Travel Journal: Wheaton, Illinois

In this brief lull before I head back over the Atlantic, this time to Europe, being in the U.S. feels less like being home and more like a rest stop sandwiched between two very different journeys. There’s no irony, therefore, in titling this post with the town in which I live. Wheaton is, for this week, a mere respite before the process of checking and re-checking my passport, combing over itineraries, and the bottoming-out feeling of the airplane lifting off the ground begins again.

It recalls a time in my life, more distant than I think of it as, in which an airport, any airport (don’t all of them fundamentally feel the same?) was in some ways more familiar than any place I’d been, and any place I was going.

Even now, whenever I’m in an airport, I’m—not home, exactly, but we recognize each other, the airport and I. Every airport recalls dozens of memories. Pick up book, read. Pick up phone, scroll in a daze. Pick up ticket, review boarding time. Stare at fellow passengers, sketch out histories for them, people with whom you will soon be sent hurtling into the sky usually for at least several hours, yet people you will not know any better when you return to earth, disheveled, yawning, shouldering bags in resigned impatience.

All of this is in my recent past, and also in my near future. But for now: Wheaton, Illinois. What’s here? What to include in this brief travel journal?

There’s the food, of course. Always the food first. Steamboat BBQ just down the street, so close that when the windows are open a breeze carries through tantalizing scents of smoke and salt. At least three ice cream shops, frequently changing ownership, are within a few blocks of each other downtown. River City Roasters, also downtown, serves excellent coffee in a now-ubiquitous rustic industrial setting, right next to County Farm Bagels, which boasts a dizzying display of bagel and cream cheese options.

A small pond lies just outside our apartment. We have a view of it from our windows. Herons flap over the water to roost in trees half-hidden by another building. They settle among the branches, heads tucked under white feathers. Full-throated frogs bellow in melancholy along the lip of the pond.

No hills. That’s one thing about Wheaton. I love to climb, in a sort of recreational, strictly non-serious way, and Wheaton is flat, flat, flat. I don’t mind this fact as much just now, while Wheaton is only a rest stop. Europe will have hills.

And when I’m back, will I mind still? Well, I’ll save that question for later. Perhaps I can find a mole-hill, and make it a mountain to climb.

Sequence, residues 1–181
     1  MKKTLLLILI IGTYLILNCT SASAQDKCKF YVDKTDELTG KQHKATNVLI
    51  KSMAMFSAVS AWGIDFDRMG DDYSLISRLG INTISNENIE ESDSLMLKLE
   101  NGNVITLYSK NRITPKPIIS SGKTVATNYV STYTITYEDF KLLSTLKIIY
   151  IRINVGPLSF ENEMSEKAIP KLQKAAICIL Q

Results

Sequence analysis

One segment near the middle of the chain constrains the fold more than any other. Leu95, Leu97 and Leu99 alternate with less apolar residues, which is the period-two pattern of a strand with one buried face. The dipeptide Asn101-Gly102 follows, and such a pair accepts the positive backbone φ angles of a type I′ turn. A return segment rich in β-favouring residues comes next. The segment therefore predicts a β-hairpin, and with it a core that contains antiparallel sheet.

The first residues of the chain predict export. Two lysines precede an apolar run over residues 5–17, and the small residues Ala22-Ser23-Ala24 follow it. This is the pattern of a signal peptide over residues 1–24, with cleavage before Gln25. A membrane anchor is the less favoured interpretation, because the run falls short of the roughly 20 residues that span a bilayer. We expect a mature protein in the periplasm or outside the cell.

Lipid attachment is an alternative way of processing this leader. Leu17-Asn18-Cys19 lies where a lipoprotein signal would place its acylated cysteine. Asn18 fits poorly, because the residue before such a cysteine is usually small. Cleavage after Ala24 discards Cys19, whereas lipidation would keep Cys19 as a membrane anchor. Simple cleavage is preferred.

Travel Journal: Makassar, on the Island of Sulawesi, in Indonesia

Standing on the edge of an island half an hour from shore, digging my feet into the sand and wondering: is this home?

This island is, as far as we know, uninhabited, but the shell of a house promises future inhabitants. Cats inexplicably stalk the sand and meow for the food we forgot to bring. Six or seven years ago when we were first taken to the island, we named it narcissistically Brake Paradise Island, but its real name in Indonesian is Kodengareng Keke.

About an hour before, when I expressed my doubts as to the sanity of going with our particular boat-driver on this particular dock, my mom inquired if I had gone soft. Well, yes, I have. I’ve been in the United States for five years, where no credible dock would have rickety boards or small boys fishing on top of rocks and tires and sitting among mounds of trash. No man would accost you without preliminaries and haggle a price. I’ve gone incredibly soft, wishing as I did for neat white offices, online set prices and tickets purchased in advance, a blue-suited man who would outline the itinerary, and perhaps a gift shop? Incredibly, embarrassingly soft.

Still, a sense of adventure made me more excited than worried, and there’s freedom in setting your own itinerary. We’re not in America. Why should things be done in the American way? Soft but not hopeless, perhaps.

The beauty of the island and the journey there was breathtaking, the speedboat bucking and slapping against the water. We watched as flying fish skimmed over the surface of the ocean, blue and buoyant, fins flashing like translucent wings. The trash that clogs the water lessened as we went farther out.

When we reached the island, Joe and I made friends with an orange cat and named him Horatio. He followed me around for a little while before being disappointed that, although I loved petting and scratching him, really I was here to snorkel. Schools of transparent fish darted about in the water. A few of us ventured to the drop-off, where electric blue fish swam between rocks and ahead was only murky darkness. I swam a bit further out, feeling nothing but fascination at the shimmering movement I thought might have been the current.

Dad warned us that we shouldn’t touch the spiked black sea urchins, then got stung himself while trying to get a shell. We had a brief conference, airing questions of poison and lamenting that we can’t get a phone signal to google What do I do if I’ve been stung by a sea urchin? Our boat-driver assured us he would probably be fine.

We visited another island, one frequented by tourists, and found a huge clam, the biggest any of us had ever seen. No pearl, though. Even now, when I know how silly it is, I always look for a pearl. We handed the clam to a group of tourists so they could take pictures. The water here wasn’t quite as clear, but we still saw long, pencil-thin fish and what might have been an eel or a sea-snake.

After that, back to shore.